Rescuers searching for a missing Argentinian naval submarine are trying to pinpoint the location of emergency signals, although they do not know whether they originated from the vessel.
Seven failed satellite calls were received on Saturday, Argentina's defence ministry said, raising hopes that the 44 crew members on board ARA San Juan were trying to re-establish contact.
However, Admiral Gabriel Gonzalez, chief of the Mar del Plata Naval Base, said the navy did "not have clear evidence" that the calls "have come from that unit".
"We are analysing more closely to reliably determine that they were not calls coming from the submarine," the admiral added.
The UK, US, Brazil, Chile and Uruguay have joined the search operation for the submarine, which disappeared 268 miles off Argentina's southern Atlantic coast on Wednesday.
Claudio Rodriguez, whose brother Hernan is on board the submarine, said the satellite signals suggested the vessel was still afloat and would be found.
"They've got to be afloat. Thank God," he said.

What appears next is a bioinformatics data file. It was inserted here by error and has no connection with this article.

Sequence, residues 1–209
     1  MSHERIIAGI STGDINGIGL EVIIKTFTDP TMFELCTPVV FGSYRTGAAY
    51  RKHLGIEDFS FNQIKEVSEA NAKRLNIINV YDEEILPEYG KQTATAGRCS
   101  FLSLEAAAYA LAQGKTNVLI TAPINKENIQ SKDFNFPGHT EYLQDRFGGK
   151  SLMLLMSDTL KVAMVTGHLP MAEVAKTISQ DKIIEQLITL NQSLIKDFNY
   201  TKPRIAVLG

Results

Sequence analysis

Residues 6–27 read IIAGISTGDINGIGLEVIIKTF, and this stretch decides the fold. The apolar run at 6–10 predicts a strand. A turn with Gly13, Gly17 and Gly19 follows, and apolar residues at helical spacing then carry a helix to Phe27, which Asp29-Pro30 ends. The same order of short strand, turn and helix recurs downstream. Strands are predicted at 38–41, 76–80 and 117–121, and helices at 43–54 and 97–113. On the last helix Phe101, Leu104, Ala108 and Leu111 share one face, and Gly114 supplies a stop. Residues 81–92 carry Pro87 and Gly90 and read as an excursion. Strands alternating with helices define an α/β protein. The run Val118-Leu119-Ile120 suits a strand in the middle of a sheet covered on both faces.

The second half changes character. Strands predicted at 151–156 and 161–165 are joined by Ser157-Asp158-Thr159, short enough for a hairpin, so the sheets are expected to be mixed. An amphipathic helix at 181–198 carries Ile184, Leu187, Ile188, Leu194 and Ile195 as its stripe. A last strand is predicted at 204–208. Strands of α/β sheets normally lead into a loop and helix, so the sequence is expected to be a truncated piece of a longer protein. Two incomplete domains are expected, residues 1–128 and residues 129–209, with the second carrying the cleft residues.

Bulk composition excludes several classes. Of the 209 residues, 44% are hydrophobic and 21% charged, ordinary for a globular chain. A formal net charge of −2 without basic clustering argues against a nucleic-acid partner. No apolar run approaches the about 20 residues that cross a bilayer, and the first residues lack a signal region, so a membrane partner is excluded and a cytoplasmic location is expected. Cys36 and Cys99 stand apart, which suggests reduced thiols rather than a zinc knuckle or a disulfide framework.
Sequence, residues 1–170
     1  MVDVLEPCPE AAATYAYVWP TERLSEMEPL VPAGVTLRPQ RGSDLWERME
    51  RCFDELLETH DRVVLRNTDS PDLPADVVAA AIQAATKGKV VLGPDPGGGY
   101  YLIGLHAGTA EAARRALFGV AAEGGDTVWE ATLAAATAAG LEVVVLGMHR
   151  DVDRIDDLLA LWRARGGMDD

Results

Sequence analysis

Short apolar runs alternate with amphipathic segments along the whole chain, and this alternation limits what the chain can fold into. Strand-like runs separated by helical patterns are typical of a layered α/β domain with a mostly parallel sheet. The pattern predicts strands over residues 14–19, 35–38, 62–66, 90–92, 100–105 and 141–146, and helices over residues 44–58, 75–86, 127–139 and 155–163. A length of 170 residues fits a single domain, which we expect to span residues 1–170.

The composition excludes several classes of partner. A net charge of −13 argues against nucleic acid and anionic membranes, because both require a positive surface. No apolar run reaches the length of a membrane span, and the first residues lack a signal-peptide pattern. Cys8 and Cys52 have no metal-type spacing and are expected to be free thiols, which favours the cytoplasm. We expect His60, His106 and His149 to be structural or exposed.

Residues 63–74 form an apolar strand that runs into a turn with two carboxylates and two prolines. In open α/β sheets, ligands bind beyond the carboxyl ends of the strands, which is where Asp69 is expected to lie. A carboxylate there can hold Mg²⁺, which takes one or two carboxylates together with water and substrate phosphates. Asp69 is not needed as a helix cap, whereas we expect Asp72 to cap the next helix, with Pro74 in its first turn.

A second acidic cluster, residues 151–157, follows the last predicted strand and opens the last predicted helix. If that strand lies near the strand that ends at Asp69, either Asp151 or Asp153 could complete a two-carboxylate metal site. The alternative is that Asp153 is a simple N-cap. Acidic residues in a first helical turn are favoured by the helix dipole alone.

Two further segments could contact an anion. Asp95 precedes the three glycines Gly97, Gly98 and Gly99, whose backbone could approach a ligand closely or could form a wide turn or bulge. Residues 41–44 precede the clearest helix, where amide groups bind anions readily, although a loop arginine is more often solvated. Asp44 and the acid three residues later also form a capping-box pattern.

"That gives us hope, because we knew that if they were down below, they would be screwed."
A spokesman for Argentina's defence ministry said it was "working to pinpoint the exact location of what is emitting the signals".
It is thought the vessel, which has food and oxygen supplies for several days, may be suffering from a communications error.
The Royal Navy has deployed HMS Protector, an ice patrol ship, to help in the search.
Britain also has a C-130 Hercules, which is stationed in the Falklands Islands, on standby if required.
A second US Navy aircraft has joined the search, while two underwater crafts designed to rescue trapped submarine sailors at different depths are being deployed.
A remotely operated underwater robot known as an ROV is also being used.
Argentinian President Mauricio Macri wrote on Twitter: "We will do what is necessary to find the submarine as soon as possible."
Relatives of the missing sailors have gathered at a naval base in Mar del Plata, where the submarine had been destined to arrive before vanishing, awaiting news.
Maria Morales, the mother of one crew member told journalists, told reporters: "We're hopeful this will end soon to remain only as a bad memory."